Today would have been my Mum’s birthday

She was born on the 9th of June 1913 and died 4th of September 1995, so I had a mother until I was forty.

She was forty two when I was born and became a widow at forty four. I was two and my brother was twelve. That was tough — emotionally and also financially, but I never really understood how tough until I was much older.

Worked hard all her life … started to work in the mental hospital in 1933 and kept on working until she retired. The last working years, she worked night … that brought in more money as my father didn’t have any insurance when he died and it was hard to make ends meet, but we never lacked anything. My brother had to get home early in the evenings to ‘baby-sit’ me when she went to work.

The age difference of forty two years between she and myself, of course made for quite a few … ‘differences’ — especially in my teenage years. Like many other parents, she kept bringing up what it was like when she was young, but in our case, that was like a different world to me … like she came from a different planet! We were also very different personalities, so to speak. There are times when I feel that I never really knew her and she didn’t know me either, but she was always there. It was a feeling of security.

She never re-married … she never even dated anyone after my father’s death. I don’t think she had time. Working nights, full time at the hospital, raising me and my brother on her own … I think she had her hands pretty much full. Cleanliness was a bit of an obsession so our home was always squeaky clean … clinically clean! I had a tremendous amount of respect for her and that’s perhaps the reason I still fold my towels and sheets the same way she taught me.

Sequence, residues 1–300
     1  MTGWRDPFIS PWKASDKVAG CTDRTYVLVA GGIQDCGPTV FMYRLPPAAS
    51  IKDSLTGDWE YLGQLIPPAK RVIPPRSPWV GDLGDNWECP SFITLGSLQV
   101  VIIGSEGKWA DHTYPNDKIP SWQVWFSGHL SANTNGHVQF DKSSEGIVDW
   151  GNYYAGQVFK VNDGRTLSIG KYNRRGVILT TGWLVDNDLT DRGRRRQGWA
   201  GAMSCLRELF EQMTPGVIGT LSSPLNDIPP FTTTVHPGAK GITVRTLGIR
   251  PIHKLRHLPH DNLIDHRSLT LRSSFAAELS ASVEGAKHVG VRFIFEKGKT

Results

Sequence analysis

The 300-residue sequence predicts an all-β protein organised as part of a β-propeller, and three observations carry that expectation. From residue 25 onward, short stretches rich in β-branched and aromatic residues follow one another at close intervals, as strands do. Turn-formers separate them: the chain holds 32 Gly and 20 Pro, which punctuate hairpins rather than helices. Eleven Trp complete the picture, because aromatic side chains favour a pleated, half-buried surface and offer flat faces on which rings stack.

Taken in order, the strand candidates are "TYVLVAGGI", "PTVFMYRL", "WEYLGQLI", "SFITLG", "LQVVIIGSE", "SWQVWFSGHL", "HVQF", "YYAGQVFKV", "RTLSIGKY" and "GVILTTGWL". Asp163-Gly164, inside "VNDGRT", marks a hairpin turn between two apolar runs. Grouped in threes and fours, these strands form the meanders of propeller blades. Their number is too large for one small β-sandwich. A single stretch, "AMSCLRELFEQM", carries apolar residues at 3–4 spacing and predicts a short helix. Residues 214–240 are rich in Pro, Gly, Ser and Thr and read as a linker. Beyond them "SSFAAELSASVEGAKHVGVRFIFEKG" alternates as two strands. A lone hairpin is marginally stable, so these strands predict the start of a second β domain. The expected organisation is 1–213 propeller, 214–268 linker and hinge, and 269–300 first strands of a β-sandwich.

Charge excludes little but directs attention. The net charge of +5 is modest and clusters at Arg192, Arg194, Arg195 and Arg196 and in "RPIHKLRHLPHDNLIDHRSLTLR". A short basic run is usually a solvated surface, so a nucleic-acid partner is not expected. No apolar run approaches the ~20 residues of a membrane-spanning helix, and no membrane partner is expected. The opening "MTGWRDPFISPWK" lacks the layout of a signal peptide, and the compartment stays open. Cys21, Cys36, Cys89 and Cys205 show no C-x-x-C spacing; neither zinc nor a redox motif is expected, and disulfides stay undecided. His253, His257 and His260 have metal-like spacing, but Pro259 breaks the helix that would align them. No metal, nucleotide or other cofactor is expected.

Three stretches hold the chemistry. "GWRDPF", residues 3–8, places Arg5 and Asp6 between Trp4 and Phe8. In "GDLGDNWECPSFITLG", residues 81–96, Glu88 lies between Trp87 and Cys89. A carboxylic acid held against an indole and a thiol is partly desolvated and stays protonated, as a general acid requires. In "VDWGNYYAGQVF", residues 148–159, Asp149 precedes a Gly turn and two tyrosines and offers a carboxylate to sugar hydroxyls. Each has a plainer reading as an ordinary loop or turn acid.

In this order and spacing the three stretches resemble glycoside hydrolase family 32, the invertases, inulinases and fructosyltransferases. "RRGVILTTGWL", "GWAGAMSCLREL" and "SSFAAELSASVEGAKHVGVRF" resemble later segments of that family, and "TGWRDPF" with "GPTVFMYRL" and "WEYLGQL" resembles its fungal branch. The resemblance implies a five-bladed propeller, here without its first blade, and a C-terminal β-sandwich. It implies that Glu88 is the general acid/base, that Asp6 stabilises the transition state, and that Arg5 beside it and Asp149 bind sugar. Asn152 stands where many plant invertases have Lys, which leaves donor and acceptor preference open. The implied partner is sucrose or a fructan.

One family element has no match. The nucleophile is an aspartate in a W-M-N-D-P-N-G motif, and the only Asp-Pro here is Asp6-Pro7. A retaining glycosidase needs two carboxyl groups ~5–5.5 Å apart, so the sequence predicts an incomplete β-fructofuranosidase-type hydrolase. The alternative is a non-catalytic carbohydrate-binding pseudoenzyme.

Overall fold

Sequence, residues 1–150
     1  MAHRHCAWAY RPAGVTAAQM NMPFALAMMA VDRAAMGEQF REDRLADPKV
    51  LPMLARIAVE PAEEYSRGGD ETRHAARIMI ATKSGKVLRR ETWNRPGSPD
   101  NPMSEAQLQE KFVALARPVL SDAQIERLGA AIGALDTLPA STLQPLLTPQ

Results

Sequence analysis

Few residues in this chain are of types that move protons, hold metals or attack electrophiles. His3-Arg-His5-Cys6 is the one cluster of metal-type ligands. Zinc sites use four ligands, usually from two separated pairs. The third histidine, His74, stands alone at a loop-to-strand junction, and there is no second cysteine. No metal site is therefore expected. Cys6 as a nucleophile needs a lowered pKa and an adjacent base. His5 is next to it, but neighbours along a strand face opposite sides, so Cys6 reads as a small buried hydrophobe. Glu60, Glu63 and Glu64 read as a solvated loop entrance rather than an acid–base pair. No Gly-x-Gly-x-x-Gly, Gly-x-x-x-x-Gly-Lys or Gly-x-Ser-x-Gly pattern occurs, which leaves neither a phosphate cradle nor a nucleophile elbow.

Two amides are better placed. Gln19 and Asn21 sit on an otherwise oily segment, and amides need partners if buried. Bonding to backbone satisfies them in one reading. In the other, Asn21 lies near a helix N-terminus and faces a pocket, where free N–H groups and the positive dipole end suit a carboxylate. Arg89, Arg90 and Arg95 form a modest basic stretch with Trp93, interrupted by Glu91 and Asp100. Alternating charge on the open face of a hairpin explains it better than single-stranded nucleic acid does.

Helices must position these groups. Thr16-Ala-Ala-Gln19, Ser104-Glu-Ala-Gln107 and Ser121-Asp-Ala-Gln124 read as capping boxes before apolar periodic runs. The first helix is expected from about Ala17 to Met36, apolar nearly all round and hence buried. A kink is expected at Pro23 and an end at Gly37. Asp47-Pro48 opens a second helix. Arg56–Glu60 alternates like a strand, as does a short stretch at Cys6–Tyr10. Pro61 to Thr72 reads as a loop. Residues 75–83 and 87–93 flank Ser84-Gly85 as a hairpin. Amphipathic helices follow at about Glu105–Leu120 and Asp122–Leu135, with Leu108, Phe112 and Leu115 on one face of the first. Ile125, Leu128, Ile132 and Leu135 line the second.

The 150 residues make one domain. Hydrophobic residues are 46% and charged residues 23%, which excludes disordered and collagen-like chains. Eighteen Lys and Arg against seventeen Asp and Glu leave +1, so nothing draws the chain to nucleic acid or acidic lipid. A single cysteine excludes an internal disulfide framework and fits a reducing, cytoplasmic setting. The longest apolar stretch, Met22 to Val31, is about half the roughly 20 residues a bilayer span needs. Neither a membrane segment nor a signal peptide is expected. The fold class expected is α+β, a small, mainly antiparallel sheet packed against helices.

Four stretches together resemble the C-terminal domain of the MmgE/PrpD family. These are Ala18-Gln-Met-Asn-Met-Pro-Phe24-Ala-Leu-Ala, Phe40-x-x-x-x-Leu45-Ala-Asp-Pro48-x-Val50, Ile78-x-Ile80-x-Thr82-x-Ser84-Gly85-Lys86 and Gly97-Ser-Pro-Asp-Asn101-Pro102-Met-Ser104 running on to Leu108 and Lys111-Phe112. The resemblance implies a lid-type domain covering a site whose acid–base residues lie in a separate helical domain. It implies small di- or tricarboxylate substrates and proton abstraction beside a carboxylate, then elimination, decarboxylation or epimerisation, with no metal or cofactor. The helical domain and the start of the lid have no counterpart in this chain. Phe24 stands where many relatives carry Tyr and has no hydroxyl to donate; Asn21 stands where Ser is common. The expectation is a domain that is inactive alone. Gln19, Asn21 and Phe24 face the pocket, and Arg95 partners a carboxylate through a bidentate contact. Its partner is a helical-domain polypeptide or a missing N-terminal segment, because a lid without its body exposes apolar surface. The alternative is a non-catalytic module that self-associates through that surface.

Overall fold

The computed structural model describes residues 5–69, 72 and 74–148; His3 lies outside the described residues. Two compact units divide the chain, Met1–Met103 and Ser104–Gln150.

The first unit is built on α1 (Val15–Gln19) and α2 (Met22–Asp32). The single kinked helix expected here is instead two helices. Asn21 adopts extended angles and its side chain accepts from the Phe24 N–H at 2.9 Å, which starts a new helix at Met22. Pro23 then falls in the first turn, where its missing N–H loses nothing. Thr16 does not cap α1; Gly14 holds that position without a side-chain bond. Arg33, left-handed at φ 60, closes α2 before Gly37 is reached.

I’m thankful to say that in the very last months of her life we got better contact than we’d ever had. I don’t know how it happened … but it did, and we were able to talk about things we’d never talked about and get a lot of things straightened out. It saved me from a lot of grief, guilt and perhaps anxiety after she’d died. She wasn’t sick or anything during these months … it just happened.

When she died from a heart attack, it took about five hours from when the ambulance came until the end. This might sound strange, but I was thankful that she went that way. She was a woman of great will-power and fortunate enough to live on her own, taking care of her own businesses … never having to rely on anybody else or forced to move into an old folks home.

In spite of what I said about we really not knowing each other, we had a very close contact. I spoke with her on the phone every day, no matter where I lived. After she died, it took many weeks before I ceased to reach for the phone to make the daily phone call.